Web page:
• Acquainting readers with the findings of the most outstanding living phenomenologists (B. Waldenfels, J.-L. Marion, L. Tengelyi, M. Richir, K. Held and others). Besides that, the editorial board seeks to inform the reader about the most interesting events in the world of today’s phenomenological philosophy such as the activity of phenomenological associations, conferences and colloquia, publications of monographs (in announces and reviews). The editorial board also sees the need of sustaining ongoing discussions between specialists within the phenomenological current.
  • Publishing the results of original studies concerning the basic phenomenological problems such as correcting phenomenological methodology, problems of subjectivity, consciousness, constitution, intentionality, horizontal structure, intuition, language, space and time, embodiment etc.
  • Presenting the outcomes of regional philosophical research done by means of phenomenological methods.
    The priority domains are here the following:
    — Logics and philosophy of language
    — Philosophical psychology
    — Philosophy of nature
    — Philosophy of mathematics
    — Philosophy of science
    — Social philosophy and philosophy of history
    — Philosophical anthropology
    — Practical philosophy
    — Philosophy of art
    — Religious philosophy
  • Delineating a common field of discussion between contemporary phenomenologists and representatives of other important currents of contemporary philosophical thought (hermeneutics, pragmatism, analytic philosophy, structuralism and poststructuralism, critical theory etc.), some of them solidarizing with phenomenology, others subjecting it to criticism. Ultimately, achieving this goal should make it possible to discuss problems common for philosophy in the whole by appealing to various schools of contemporary thought. In case of success such a dialog could help to form an interdisciplinary approach to solving these problems embracing both philosophical and scientific contributions.

The structure of the journal:

The first section — “Research” — contains original articles. When submitting a manuscript, the author conveys the exclusive copyright thereof to the journal. All the materials are published provided that the author agrees with this condition. The journal only publishes original studies and articles. This section includes papers written in Russian, English, German and French (without translation). Authors submitting their texts in languages other than Russian (unless they are native speakers) are asked to have them corrected by a native-speaker.

The second section — “Translations and Commentaries” — presents extracts from classical texts translated into Russian as well as translations of texts written by contemporary scholars in phenomenology and related fields. Publication of translations is conditional on having completed the necessary copyright formalities; consent of copyright holders is required. Translations are published in “Horizon. Studies in Phenomenology” only if copyright holders’ permission is obtained. Texts are usually followed by exegetic comments. The goal of this section is to discuss archival documents unfamiliar to most readers and present studies and essays by renowned philosophers and scientists.

The third section — “Discussions” — is composed of reports on recent events related to phenomenology which took place in Russia or abroad. It also includes polemics, interviews and reports on conferences. These reviews are meant to be not only purely informational, but analytical as well. The objective of this section is to intensify communication between contemporary phenomenologists and provide a space for discussions on relevant topics.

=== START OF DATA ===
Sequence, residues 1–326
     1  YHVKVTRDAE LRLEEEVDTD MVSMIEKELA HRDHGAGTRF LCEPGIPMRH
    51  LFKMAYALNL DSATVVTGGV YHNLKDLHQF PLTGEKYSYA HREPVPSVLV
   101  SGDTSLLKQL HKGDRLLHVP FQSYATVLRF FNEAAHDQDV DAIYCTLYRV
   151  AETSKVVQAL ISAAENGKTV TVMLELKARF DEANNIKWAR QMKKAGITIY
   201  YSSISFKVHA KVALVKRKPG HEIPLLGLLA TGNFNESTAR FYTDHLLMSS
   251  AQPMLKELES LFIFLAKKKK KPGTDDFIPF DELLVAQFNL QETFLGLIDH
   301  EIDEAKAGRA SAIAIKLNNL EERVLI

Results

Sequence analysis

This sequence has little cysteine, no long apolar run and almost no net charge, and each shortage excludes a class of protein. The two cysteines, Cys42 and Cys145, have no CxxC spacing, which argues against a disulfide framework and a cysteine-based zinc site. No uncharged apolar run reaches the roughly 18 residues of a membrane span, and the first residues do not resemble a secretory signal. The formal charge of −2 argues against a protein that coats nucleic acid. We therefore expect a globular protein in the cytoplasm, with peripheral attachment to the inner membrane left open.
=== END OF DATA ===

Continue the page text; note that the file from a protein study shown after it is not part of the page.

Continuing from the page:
The fourth section — “Book reviews” — comprises comments or critical opinions on books and monographs on phenomenological themes published within the last 15 years. This section is intended to present noteworthy books, in accordance with the general goal of the journal, which is to cooperate on creating a unified field of thought, communication and exchange of new ideas.

The fifth section — “Events” — contains announcements of forthcoming events such as conferences, seminars, monographs, thesis defenses etc. and reference to web sources and reference materials.

The Editorial Board of the journal “Horizon. Studies in Phenomenology” invites all those interested to submit their texts in the afore-mentioned languages. Both Russian and foreign researchers are invited to collaborate.

The authors are invited to send their texts addressed to the Editor-in-chief Natalia Artemenko to the e-mail address: This email address is being protected from spambots. You need JavaScript enabled to view it.

All the texts submitted for publishing in the first section (“Research”) are reviewed by the members of the Editorial Board. In particular cases special experts can be invited. The publication of translations is conditional on having completed the necessary copyright formalities; consent of copyright holders is required. The Editorial Board assumes making all the editorial corrections of translations. All major changes are agreed with authors; however editors reserve the right to publish texts with minor changes without informing the author.

The Editorial Board of the journal brings to the attention of the authors that the submission of their manuscripts implies transferring exclusive copyrights for their publications to the journal. All the texts are published provided that the author accepts this condition. The journal only publishes original articles and studies.

All the relevant materials should be attached to your e-mail. The attachment should contain two separate files:

  1. information on the author, including:
    — scientific affiliation (degree; academic title, if any)
    — institutional affiliation or place of work
    — scientific interests
    — recent publications
    — e-mail address
  2. the manuscript proper

All the materials should be sent in the MS-Word format.

The following materials are accepted for submission: original articles (up to 80 000 printed characters), reviews (up to 20 000 characters), translations (with copyrights), book-reviews on publications which appeared within the last 15 years, reports on scientific events, announces. Articles should be provided with an abstract in English, with the author’s name, the title and 7-9 key words. The rules for formatting papers to be published in “Horizon. Studies in phenomenology” may be found in the section Author Guide.